I can imagine small children being really upset by Shinkichi’s illustrations, but older children (such as myself) should find them morbidly delightful. I think kids would probably go nuts this book in general. The combination of colorful and imaginative imagery is perfect for a young reader, and the book eschews any serious discussion of adult topics such as sexuality and religion. The bound volume is fairly sturdy and can withstand hard usage (it is a field guide after all), so no worries on that end.

What I especially appreciated about Yurei Attack! is that asinine overgeneralizations about Japan and Japanese people are completely absent. Nowhere in the book will the reader have to suffer through idiotic statements about how “the Japanese have always revered nature” or how “funeral practices are very important in Japan” or how “there is no differentiation between good and evil in Japan.” It’s kind of nice. If nothing else, Yurei Attack! proves that it is entirely possible to write a fun cultural study of Japan for a broad audience without relying on meaningless stereotypes.

Isora from Ugetsu Monogatari

Isora from Tales of Moonlight and Rain

Speculative Japan 3

Title: Speculative Japan 3: “Silver Bullet” and Other Tales of Japanese Science Fiction and Fantasy
Editor: Edward Lipsett
Publication Year: 2012
Publisher: Kurodahan Press
Pages: 270

In my review of Speculative Japan 2, I said that I loved the anthology and couldn’t wait until the next installment was released. Speculative Japan 3 is finally here, and it’s everything I hoped it would be: a diverse collection of intelligent and beautifully translated short stories.

Speculative Japan 3 opens with several shorter pieces. These shorter pieces, which range in length from five to twenty pages, run the gamut from hard science fiction to magical realism to fantasy with a sci-fi twist to elegiac horror. Fujita Masaji’s “Angel French” is about the romance between two deep space robotic probes who began life as two college students hanging out in Mister Donut. “To the Blue Star,” written by Ogawa Issui (whose novels The Lord of the Sands of Time and The Next Continent are published in translation by Haikasoru), is another story about a self-aware technological entity. This entity, whose name is X, is a collective intelligence made up of a fleet of robotic star cruisers that represent the last remnants of human civilization. X tells its own story as it travels through the universe, watches civilizations rise and fall, fuses with other advanced life forms, and finally meets God. Matsuzaki Yuri’s “The Finish Line” is a thought experiment in the form of a short story and features a quiet but chilling scenario of the end of all life on earth. Kamon Nanami’s “A Piece of Butterfly’s Wing,” which is probably my favorite story in the collection, is a beautifully creepy ghost story in the literary tradition of writers like Kurahashi Yumiko and Kanai Mieko. Like the work of these masters of the poetics of horror, Kamon’s story is filled with beautiful, atmospheric imagery and resonant symbolism. It also features a delightfully disturbing twist at the end.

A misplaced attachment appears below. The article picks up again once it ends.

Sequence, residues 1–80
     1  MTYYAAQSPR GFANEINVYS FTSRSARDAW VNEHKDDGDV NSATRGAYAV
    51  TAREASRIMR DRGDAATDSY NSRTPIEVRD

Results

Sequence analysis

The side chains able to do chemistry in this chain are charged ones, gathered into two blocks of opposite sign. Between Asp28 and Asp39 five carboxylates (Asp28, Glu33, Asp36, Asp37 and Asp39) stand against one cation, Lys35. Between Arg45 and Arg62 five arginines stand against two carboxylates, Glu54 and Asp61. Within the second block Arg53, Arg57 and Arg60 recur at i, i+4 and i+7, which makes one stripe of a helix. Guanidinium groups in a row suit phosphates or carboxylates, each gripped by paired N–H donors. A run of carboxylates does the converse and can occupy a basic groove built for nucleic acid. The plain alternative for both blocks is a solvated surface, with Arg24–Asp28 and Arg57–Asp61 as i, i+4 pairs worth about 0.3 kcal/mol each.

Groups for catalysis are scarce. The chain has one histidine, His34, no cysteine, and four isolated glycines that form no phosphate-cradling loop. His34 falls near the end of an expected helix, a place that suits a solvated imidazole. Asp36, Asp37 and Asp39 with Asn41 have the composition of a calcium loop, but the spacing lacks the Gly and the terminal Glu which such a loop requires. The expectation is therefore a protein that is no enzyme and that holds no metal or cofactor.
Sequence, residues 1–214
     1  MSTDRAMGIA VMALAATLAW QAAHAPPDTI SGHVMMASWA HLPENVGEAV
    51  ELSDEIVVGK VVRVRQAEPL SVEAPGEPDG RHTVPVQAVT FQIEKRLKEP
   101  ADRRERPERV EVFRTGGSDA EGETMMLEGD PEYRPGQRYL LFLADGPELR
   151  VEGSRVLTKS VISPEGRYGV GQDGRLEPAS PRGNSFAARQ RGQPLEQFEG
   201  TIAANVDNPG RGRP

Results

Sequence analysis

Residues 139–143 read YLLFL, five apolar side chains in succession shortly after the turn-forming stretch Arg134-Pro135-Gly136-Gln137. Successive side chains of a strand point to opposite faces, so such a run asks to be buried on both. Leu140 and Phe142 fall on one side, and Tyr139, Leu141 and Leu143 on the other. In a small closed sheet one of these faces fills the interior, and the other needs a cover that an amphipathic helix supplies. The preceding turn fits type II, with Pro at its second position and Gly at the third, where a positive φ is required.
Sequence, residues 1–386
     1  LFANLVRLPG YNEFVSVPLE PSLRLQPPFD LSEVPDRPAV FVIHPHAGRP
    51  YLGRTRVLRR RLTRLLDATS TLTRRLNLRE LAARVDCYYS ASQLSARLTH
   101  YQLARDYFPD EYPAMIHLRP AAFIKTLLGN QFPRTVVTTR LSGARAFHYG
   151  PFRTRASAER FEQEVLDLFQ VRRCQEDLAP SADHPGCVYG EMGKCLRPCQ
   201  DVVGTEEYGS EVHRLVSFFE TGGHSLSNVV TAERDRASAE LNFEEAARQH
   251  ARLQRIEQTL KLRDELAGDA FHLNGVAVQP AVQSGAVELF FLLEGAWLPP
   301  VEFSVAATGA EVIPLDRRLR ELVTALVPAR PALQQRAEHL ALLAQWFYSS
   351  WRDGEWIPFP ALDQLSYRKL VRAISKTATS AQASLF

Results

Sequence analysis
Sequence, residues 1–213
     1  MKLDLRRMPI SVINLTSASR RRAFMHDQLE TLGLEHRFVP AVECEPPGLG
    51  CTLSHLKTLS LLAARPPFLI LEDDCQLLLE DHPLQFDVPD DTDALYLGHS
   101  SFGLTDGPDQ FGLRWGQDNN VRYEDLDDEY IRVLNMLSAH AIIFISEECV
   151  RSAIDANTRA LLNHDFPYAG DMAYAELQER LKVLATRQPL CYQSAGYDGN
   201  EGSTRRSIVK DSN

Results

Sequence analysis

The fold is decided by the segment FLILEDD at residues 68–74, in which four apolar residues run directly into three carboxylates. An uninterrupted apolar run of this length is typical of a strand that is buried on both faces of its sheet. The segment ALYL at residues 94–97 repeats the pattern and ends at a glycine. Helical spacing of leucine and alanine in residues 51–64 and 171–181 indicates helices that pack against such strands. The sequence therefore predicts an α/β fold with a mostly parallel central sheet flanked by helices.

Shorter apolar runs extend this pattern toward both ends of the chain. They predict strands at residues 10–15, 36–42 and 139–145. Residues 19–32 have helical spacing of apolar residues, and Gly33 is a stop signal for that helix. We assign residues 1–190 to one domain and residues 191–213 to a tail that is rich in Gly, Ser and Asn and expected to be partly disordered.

The longer stories of Speculative Japan 3 shine just as brightly as the shorter pieces. Even though none of these stories are more than thirty-five pages in length, they’re long enough to allow nuanced character development as they explore their premises in greater depth. Suga Hiroe’s “Five Sisters” is about a woman named Sonogawa Hanako who meets four clones of herself that have all been raised in different households. Each of these women has a different personality, and it’s fascinating to see how each has lived her life with the knowledge that she is a clone created to be harvested for organs. Ueda Sayuki’s “Fin and Claw” is a window into a future where humans have been genetically modified to be more adaptable to an environment covered in seawater. “Fin and Claw” is sort of like Jurassic Park with enormous sea creatures, and the moral of the story is the same. The last three pages of Ueda’s nightmarish vision are particularly terrifying in their visual imagery.

The title story, Yamada Masaki’s “Silver Bullet,” is a Japanese Cthulhu mythos story (more of which are collected in Kurodahan’s Night Voices, Night Journeys). In my experience, there are two main types of Cthulhu mythos stories: pseudo-Victorian and classy, and unabashedly pulpy. “Silver Bullet” belongs to the latter category. Its protagonist is sufficiently hard boiled, and the story contains more cheap sexuality than you can shake a flagella at. Still, all of the story’s thematic elements mesh together nicely, the ending is well earned, and the method used to summon Cthulhu is awesome (as is the instrument used to stop the summoner).